Thursday, September 6, 2012

How can we activate escalators?

If you're like me, an I'm-almost-about-to-be-late-but-if-I-powerwalk-and-and-make-some-strategic-jay-walking-decisions-I'll-make-it-right-on-time type of person, then you loath escalators. Usually it's faster to take the stairs, which makes no sense because an escalator is a moving staircase! It does a majority of the work for you, yet most people let technology do all the work for their bodies.

I see people hustle through the "L" platforms and rush through the pedway, but soon as they step onto an escalator, all movement stops. They just stand there. And stand and stand and wait and stand and wait until they have reached the top where they realize their legs can magically move again! This is not only a public health concern, but making me late! And a lot of people don't even have the respect to stand to the right of the escalator allowing those that choose to use their magic, muscle-powered legs and butts to walk past them on the left (whether they don't know to let people pass on the left or just don't care is beyond me).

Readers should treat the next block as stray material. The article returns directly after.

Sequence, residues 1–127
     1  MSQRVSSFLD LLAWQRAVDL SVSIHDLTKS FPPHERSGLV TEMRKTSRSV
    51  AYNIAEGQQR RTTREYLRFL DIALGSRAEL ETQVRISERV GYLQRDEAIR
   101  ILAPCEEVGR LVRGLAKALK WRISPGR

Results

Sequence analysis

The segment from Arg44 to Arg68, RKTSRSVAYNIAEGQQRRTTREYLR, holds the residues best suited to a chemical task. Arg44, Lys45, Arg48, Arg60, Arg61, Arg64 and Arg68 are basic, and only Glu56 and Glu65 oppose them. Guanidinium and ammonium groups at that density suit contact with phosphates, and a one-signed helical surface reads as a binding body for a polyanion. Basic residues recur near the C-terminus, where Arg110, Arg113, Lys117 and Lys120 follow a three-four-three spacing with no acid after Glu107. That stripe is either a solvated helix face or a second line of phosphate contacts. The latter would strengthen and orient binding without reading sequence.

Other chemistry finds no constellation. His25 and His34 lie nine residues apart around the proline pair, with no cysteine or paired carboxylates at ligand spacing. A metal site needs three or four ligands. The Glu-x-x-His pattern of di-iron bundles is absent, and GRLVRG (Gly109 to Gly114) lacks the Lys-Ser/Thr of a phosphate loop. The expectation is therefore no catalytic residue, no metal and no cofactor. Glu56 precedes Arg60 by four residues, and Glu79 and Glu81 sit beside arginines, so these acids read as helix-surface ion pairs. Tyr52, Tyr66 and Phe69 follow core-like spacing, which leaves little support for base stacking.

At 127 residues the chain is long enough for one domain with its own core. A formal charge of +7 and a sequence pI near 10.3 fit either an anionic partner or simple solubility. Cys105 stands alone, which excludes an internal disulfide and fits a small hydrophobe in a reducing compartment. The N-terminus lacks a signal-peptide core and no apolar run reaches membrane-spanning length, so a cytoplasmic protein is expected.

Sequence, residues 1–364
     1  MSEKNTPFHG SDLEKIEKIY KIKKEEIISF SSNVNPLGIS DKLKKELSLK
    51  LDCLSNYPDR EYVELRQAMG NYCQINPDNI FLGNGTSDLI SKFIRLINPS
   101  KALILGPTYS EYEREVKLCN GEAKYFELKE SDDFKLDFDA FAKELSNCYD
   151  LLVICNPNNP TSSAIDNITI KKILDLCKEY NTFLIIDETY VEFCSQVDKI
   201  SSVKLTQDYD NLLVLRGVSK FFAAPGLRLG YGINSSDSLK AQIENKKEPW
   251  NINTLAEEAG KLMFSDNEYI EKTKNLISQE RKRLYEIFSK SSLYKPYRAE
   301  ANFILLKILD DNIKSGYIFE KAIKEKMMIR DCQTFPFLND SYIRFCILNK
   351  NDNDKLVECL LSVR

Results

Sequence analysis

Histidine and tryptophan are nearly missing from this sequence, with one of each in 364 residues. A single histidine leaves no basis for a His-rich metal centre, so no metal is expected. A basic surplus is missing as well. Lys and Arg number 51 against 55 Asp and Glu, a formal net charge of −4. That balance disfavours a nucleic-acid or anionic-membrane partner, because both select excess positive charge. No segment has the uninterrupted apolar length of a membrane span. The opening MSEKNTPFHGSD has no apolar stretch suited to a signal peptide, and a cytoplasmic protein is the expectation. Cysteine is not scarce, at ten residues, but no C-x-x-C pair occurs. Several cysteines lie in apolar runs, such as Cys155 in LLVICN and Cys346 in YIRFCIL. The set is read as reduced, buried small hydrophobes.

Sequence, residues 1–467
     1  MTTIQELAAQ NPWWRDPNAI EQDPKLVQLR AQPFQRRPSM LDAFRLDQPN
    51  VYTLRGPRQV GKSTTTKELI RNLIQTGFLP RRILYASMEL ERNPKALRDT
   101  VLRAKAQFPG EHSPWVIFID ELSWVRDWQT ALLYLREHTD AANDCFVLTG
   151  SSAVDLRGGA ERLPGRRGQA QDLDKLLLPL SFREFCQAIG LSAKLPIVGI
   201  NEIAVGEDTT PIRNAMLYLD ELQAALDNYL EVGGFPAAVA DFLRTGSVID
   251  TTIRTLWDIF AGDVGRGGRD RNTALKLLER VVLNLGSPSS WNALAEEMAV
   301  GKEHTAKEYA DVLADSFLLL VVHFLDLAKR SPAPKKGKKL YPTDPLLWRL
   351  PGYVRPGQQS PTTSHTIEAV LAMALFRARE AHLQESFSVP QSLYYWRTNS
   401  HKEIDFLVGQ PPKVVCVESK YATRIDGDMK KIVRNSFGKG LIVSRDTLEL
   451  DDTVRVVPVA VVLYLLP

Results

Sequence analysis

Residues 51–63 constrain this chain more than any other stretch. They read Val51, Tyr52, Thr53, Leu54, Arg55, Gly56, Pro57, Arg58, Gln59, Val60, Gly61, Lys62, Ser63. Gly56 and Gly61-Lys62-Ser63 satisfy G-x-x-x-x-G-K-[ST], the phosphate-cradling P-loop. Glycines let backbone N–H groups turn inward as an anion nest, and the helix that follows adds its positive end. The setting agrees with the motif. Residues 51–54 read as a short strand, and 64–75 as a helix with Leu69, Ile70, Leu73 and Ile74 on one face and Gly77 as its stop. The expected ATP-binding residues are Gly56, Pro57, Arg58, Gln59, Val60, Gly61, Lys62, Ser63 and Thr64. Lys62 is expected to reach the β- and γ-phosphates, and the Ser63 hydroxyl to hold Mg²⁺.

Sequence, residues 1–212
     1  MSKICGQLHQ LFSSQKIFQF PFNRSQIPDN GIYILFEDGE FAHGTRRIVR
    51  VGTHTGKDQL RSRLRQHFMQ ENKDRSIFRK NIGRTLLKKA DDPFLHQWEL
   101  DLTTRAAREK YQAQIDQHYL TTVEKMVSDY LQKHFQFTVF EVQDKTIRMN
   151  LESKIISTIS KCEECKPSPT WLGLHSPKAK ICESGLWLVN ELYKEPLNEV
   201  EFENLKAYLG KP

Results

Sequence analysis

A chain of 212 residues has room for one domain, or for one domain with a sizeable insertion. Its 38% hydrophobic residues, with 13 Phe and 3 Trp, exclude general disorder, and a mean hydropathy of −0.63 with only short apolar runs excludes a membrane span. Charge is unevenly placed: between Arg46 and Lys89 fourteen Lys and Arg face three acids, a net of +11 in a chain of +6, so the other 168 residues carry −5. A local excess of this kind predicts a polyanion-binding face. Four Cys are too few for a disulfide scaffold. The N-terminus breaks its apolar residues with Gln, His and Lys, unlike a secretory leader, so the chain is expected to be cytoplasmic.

So what about making it easier for people? I wrote an article last year about how point of decision prompts increase the usage of stairs instead of elevators. Why not use the same idea for escalators? Here's a fast and simple idea to increase movement on escalators:

I took this photo the other day and Nordstrom Rack on a power lunch shopping run (although it ended up being just window power shopping because I had to remind myself that I should not be spending student loan money on discount shoes). It irked me that I had to wait behind other bargain hunters, who clearly were power shopping like myself, but froze once on the escalator. With just a little spray paint and some stencils, would these signs get people moving?

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